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|Title:||Evolutionary Rates and Patterns in Rodent APRT Sequences|
|Authors:||Fieldhouse, Gordon Daniel|
|Advisor:||Golding, Brian G.|
|Abstract:||<p>The nonrandom rates and patterns of sequence evolution found in the adenine phosphoribosyltransferase gene (APRT) from closely related rodent species provide insight into processes involved in molecular evolution. The rodent APRT phylogeny supports the species phylogeny tree previously found using morphological and molecular data. A five-fold slower rate of evolution observed in Mus spicilegus APRT compared to Mus musculus promotes M. spicilegus as a model species to test potential causes of rate variation between species, which may be related to a difference in degree of commensalism experienced by these two species. Rate differences found between individual exons and introns of the APRT, exemplified by the burst of substitutions observed in M. musculus, APRT exons I and V, suggest that regional differences in selection and mutation biases exist. Rate differences between sequence positions are demonstrated with some APRT third codon positions being more prone to substitution than others, indicating local effects on molecular evolution. The directional pattern of evolutionary changes found in the rodent APRTs suggests influences that can be attributed to selection and mutation biases which are possibly affected by sequence content and context. Observed directional patterns include: a distribution of substitutions along the sequence which is influenced by mutation bias and sequence base composition; substitution spectra which result in a net decrease in G/C content throughout rodent APRT evolution: substitutions at dinucleotides that reduce the presence of those dinucleotides in the sequence: and biased codon usage influenced by selection and CpG deamination. The limited divergerice between the rodent APRTs sequenced for this thesis provides strong evidence for the existence of rate differences and detectable patterns in substitutions that provide an intriguing view of the complex nature of molecular evolution and the processes involved. More divergent sequences might not reveal these patterns.</p>|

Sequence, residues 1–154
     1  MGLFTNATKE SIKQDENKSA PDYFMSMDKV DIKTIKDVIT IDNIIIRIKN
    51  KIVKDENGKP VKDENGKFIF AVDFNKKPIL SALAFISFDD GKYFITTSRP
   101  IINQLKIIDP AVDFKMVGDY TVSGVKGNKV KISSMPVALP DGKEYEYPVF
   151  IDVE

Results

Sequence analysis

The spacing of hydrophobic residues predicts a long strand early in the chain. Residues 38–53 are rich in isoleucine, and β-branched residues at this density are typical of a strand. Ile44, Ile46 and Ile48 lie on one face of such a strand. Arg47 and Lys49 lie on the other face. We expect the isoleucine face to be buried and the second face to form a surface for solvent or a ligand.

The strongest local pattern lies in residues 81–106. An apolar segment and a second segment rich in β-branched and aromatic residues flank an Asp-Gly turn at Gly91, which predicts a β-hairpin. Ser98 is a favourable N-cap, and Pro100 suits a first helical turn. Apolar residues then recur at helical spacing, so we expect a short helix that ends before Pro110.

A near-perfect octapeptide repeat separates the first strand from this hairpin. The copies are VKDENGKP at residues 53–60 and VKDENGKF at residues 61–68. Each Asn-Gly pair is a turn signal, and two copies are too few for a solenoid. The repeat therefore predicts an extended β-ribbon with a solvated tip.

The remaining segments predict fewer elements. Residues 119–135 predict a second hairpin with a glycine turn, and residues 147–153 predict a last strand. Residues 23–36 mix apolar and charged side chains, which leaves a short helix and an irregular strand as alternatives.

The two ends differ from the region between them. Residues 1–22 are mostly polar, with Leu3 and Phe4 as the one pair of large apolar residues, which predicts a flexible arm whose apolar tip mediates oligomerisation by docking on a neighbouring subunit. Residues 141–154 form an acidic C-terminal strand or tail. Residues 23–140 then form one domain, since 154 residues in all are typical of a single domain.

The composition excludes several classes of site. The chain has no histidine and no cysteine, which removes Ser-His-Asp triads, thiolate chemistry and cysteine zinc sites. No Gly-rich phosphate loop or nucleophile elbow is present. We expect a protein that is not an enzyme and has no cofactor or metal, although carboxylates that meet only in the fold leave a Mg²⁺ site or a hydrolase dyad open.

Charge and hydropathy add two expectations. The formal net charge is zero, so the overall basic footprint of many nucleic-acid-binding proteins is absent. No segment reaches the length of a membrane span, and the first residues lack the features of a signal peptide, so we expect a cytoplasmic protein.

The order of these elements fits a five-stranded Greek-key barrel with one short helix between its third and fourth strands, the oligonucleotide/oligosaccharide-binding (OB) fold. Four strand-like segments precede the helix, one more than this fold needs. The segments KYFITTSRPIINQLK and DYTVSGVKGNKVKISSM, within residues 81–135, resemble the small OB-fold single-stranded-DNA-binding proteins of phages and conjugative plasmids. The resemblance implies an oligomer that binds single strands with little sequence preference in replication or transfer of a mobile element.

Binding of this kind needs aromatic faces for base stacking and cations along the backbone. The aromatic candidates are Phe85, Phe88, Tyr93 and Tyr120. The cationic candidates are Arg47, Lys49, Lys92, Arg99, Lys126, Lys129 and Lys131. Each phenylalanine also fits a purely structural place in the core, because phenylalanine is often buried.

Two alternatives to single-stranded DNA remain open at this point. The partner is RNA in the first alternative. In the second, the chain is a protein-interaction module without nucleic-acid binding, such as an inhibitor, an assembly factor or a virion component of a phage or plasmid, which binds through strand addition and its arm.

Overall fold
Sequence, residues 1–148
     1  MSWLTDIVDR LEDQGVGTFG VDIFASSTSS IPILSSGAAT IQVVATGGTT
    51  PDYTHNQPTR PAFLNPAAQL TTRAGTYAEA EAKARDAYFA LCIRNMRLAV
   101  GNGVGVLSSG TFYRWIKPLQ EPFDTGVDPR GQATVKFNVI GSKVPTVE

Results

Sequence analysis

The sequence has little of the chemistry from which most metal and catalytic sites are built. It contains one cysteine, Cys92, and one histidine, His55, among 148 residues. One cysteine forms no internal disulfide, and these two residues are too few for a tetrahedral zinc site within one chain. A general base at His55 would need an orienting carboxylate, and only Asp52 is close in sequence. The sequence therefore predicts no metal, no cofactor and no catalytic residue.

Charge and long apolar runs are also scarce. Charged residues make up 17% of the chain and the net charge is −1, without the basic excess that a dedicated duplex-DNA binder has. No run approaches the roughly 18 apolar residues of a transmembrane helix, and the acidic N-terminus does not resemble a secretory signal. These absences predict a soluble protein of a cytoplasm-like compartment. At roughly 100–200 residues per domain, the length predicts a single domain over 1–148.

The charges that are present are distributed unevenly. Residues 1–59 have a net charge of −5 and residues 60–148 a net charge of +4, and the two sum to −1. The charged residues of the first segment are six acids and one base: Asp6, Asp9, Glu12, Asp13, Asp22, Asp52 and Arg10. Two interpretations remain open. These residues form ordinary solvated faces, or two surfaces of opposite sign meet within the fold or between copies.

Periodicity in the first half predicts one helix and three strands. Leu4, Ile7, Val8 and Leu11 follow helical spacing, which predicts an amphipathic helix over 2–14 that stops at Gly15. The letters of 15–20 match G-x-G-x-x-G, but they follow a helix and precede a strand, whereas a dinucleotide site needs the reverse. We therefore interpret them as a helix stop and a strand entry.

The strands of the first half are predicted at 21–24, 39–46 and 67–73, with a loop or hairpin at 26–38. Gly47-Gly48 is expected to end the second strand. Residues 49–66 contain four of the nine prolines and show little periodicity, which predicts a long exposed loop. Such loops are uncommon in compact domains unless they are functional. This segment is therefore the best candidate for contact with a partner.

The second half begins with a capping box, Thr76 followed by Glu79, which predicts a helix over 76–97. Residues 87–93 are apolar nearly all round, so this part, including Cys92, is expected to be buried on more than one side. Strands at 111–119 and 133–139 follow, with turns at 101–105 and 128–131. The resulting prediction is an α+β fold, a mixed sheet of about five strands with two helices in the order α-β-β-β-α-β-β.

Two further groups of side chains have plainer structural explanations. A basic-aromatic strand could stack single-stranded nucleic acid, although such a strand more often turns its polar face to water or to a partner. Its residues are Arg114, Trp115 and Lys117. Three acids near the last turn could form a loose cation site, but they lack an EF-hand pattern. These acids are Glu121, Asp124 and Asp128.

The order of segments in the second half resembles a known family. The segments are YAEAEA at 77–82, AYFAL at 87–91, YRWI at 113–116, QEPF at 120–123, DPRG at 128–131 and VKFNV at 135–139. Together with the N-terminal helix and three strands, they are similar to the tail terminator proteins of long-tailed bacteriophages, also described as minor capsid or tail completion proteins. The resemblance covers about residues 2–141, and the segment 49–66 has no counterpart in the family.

|Appears in Collections:||Open Access Dissertations and Theses|
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